IWAKUNI, YAMAGUCHI, JAPAN
IWAKUNI, Japan - Matthew C. Perry Elementary School hosted Iwakuni Mayor Yoshikiko Fukuda and several members of the local Iwakuni Agricultural and Societal Co-op during a mikan-giving event at the M.C. Perry elementary gymnasium here, Feb. 5, 2013.
The purpose of the event was to build a better sense of appreciation, understanding and respect between Iwakuni residents and the more impressionable of the base’s residents – children.
“It’s something we look forward to,” said Dr. Suzanne Landrum, M.C. Perry Elementary School principal. “It’s a cultural exchange. So this morning, we decided to have an assembly here at the school.”
The mikan is a Japanese citrus fruit resembling a tangerine. It is seen as a significant symbol of Japan’s agricultural export business.
In addition to Mayor Fukuda, Yamaguchi Oshima Agricultural Cooperative Association director general & chairman Motoi Yoshimura, Iwakuni Kouin Seika Co. Ltd. presidentdirector Kazunori Hayata, Iwakuni Produce Brokers’ Association chairman Mitsuo Okada, Iwakuni Produce Commission Merchants Association chairman Hitoshi Kifune and Motoi Yoshimura, director general & chairman, Yamaguchi Oshima Agricultural Cooperative Association also attended.
All elementary school students and staff attended the mikan presentation. Several students, who were on stage during the presentation, expressed their sincere appreciation for the mikans.
After the presentation, M.C. Perry students reciprocated by presenting a traditional Japanese tea ceremony for their guests, served with green tea and Japanese sweet rolls. Several dozen students observed this and two took part in the ceremony.
These simple, friendly gestures appealed to those in attendance.
“You don’t have to have grand temples and shrines to feel a part of this community,” said Landrum. “You can feel a part of this community in something more sustainable like produce. The people in Iwakuni are quite proud of this. We can strengthen our relationship and friendship with the Japanese by celebrating what’s important to them.”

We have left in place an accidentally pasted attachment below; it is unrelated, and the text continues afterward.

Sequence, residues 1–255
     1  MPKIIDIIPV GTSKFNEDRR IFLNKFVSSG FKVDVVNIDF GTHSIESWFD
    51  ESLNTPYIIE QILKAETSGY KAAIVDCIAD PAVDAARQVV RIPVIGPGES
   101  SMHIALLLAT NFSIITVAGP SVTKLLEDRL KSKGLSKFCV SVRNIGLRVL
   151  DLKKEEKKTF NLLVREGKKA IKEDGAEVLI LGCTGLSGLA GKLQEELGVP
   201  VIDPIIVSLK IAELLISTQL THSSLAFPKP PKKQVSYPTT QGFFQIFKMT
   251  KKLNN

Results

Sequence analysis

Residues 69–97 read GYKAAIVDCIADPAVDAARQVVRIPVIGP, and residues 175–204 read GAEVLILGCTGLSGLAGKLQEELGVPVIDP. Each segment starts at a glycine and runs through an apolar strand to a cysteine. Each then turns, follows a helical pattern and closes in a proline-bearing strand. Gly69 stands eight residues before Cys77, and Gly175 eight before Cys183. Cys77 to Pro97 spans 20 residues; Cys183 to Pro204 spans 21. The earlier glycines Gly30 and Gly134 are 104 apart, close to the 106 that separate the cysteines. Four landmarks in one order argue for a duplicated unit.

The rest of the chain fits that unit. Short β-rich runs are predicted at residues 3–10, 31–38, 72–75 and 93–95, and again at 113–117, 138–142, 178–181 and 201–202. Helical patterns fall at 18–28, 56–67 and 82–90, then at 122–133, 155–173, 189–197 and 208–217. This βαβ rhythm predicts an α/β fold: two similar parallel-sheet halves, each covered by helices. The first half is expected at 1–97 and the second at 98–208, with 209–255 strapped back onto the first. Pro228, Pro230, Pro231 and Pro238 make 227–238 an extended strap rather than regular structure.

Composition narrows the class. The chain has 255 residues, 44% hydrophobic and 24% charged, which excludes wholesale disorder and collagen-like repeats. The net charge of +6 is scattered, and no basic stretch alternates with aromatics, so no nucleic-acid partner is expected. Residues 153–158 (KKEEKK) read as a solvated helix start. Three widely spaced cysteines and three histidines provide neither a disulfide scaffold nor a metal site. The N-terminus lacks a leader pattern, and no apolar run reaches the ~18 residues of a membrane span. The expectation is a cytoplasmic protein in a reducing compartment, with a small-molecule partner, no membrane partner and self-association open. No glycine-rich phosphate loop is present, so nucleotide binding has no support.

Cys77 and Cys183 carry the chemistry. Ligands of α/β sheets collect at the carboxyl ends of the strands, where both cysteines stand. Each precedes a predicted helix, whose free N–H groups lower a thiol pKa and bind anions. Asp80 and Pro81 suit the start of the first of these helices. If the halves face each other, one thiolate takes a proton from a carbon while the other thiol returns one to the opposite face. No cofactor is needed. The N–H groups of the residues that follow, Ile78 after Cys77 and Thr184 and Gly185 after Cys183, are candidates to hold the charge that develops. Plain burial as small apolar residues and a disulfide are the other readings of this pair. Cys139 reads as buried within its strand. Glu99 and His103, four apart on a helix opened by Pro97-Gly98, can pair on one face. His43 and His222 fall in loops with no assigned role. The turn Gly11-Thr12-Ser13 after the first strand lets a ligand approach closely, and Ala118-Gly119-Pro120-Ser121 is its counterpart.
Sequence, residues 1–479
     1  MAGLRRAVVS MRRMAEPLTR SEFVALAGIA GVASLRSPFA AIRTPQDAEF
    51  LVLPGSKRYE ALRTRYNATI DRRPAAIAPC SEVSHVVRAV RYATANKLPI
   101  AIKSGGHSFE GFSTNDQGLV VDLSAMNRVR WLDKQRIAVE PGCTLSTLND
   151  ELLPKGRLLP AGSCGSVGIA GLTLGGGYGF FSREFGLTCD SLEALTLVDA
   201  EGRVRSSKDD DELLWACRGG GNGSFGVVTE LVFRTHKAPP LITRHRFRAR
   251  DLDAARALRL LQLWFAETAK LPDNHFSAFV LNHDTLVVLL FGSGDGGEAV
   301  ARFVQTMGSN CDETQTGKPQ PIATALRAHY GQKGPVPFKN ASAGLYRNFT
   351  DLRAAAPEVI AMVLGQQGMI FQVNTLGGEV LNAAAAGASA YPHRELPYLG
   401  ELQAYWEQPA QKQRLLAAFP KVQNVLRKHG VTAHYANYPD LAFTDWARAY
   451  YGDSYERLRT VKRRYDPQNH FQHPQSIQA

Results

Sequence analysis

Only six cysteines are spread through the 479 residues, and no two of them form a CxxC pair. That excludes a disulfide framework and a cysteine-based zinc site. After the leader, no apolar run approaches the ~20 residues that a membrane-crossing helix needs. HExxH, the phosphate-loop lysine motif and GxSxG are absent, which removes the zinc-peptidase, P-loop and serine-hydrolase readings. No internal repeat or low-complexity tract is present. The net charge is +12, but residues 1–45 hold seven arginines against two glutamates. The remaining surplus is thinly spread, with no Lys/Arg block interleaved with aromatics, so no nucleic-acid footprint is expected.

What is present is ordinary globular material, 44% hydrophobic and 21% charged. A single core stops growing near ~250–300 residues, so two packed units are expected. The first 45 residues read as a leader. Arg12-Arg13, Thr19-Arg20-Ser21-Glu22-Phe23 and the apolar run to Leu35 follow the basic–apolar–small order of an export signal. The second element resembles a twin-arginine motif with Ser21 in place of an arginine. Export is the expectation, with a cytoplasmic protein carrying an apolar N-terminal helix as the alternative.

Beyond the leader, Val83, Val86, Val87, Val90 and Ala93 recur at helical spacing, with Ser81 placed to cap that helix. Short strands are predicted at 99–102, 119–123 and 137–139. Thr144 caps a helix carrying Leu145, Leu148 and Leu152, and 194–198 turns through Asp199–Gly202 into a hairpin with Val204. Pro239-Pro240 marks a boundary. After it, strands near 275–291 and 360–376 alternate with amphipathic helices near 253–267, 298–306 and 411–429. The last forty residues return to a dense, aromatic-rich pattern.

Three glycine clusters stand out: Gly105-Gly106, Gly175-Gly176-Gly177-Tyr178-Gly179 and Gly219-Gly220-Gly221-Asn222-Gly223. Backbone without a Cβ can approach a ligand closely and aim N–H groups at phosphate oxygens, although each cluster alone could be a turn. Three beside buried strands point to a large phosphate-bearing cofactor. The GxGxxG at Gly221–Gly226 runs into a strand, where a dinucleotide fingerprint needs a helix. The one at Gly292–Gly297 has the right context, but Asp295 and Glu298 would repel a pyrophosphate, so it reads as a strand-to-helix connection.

This does not diminish the other aspects of the local Japanese community, though.
“We love those bonfires at the Kintai,” said Landrum. “We love the tours to the castles and shrines.”
The most important aspect of the day’s events was the cultural immersion for the children.
“What I hope they take away is that even though we’re on an American military base, this relationship is important,” said Landrum. “It should not be a one-time event. We should go into the community, invite the community in. I hope the children will go home tonight and talk about this assembly today.”
The opportunity to be a part of the event was something the children in attendance could take away and appreciate in the years to come.
“It means a lot to me because the Japanese are trying to interact with us Americans,” said William Rudolph, 11, an M.C. Perry sixth grader. “If we interact, we can make a better relationship with one another.”
The ability to have a successful and fruitful partnership between a host nation and the U.S. military has its foundation in events such as this. By giving station residents the opportunity to experience the culture outside their gates, they are not only making them better ambassadors, no matter how young, but well-rounded people as well.
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This work, M. C. Perry hosts mikan-giving exchange, by Sgt Kenneth Trotter, identified by DVIDS, is free of known copyright restrictions under U.S. copyright law.